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      Investigation of the molecular mechanism of the α7 nicotinic acetylcholine receptor positive allosteric modulator PNU-120596 provides evidence for two distinct desensitized states.

      Molecular pharmacology
      Allosteric Regulation, drug effects, physiology, Animals, Cells, Cultured, Female, Humans, Isoxazoles, agonists, metabolism, pharmacology, Nicotinic Agonists, Phenylurea Compounds, Protein Stability, Receptors, Nicotinic, Xenopus laevis, alpha7 Nicotinic Acetylcholine Receptor

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          Abstract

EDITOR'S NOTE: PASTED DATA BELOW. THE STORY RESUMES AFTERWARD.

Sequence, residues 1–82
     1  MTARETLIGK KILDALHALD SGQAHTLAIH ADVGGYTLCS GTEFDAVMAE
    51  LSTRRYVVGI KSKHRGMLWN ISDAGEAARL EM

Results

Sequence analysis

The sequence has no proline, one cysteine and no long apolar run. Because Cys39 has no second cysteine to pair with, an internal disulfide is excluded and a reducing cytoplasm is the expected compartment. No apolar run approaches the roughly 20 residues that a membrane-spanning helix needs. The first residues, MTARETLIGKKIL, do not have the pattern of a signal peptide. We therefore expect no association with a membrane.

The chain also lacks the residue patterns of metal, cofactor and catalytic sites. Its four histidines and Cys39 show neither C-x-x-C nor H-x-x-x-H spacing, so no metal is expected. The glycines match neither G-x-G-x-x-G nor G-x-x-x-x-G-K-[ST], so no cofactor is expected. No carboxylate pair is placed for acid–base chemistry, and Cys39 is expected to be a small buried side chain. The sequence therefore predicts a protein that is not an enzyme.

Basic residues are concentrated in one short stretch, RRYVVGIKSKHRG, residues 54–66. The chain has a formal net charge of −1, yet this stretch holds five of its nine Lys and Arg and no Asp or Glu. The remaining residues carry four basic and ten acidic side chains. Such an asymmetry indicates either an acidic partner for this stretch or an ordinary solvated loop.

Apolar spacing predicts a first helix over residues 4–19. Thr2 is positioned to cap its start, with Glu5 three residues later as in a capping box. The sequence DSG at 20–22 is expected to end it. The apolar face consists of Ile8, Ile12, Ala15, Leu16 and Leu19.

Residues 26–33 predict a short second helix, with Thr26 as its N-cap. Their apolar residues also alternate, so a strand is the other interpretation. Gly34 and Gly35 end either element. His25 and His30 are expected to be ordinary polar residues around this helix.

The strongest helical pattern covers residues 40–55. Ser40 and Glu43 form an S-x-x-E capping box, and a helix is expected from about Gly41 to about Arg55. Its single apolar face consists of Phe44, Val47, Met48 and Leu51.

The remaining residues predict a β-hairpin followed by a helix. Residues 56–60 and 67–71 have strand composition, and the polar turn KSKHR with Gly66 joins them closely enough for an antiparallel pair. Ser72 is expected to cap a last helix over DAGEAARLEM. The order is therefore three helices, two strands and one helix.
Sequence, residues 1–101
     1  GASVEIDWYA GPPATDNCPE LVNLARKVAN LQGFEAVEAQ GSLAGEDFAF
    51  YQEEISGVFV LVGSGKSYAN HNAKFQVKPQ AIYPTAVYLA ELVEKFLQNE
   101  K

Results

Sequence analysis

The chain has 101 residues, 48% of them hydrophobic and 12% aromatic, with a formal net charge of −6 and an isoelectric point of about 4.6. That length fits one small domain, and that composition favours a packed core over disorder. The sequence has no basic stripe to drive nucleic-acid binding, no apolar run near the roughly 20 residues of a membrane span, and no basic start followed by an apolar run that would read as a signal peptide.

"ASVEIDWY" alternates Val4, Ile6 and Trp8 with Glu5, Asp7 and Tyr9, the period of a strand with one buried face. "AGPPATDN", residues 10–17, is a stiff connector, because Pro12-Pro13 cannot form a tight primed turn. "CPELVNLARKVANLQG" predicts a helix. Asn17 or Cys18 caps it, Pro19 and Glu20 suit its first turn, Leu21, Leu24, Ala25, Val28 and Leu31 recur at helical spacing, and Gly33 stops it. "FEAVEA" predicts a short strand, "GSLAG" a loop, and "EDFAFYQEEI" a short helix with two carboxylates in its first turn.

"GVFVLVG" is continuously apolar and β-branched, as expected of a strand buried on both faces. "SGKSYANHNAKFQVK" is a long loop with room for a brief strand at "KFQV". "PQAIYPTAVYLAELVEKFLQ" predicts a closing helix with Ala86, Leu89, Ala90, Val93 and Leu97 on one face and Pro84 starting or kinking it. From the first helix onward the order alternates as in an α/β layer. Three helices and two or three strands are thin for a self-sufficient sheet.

Although α7 nicotinic acetylcholine receptors are considered potentially important therapeutic targets, the development of selective agonists has been stymied by the α7 receptor's intrinsically low probability of opening (P(open)) and the concern that an agonist-based therapeutic approach would disrupt endogenous cholinergic function. Development of α7 positive allosteric modulators (PAMs) holds promise of avoiding both issues. N-(5-Chloro-2,4-dimethoxyphenyl)-N'-(5-methyl-3-isoxazolyl)-urea (PNU-120596) is one of the most effective α7 PAMs, with a mechanism associated, at least in part, with the destabilization of desensitized states. We studied the mechanism of PNU-120596 potentiation of α7 receptors expressed in Xenopus laevis oocytes and outside-out patches from BOSC 23 cells. We identify two forms of α7 desensitization: one is destabilized by PNU-120596 (D(s)), and the other is induced by strong episodes of activation and is stable in the presence of the PAM (D(i)). Our characterization of prolonged bursts of single-channel currents that occur with PNU-120596 provide a remarkable contrast to the behavior of the channels in the absence of the PAM. Individual channels that avoid the D(i) state show a 100,000-fold increase in P(open) compared with receptors in the nonpotentiated state. In the presence of PNU-120596, balance between D(s) and D(i) is dynamically regulated by both agonist and PAM binding, with maximal ion channel activity at intermediate levels of binding to both classes of sites. In the presence of high agonist concentrations, competitive antagonists may have the effect of shifting the balance in favor of D(s) and increasing ion channel currents.

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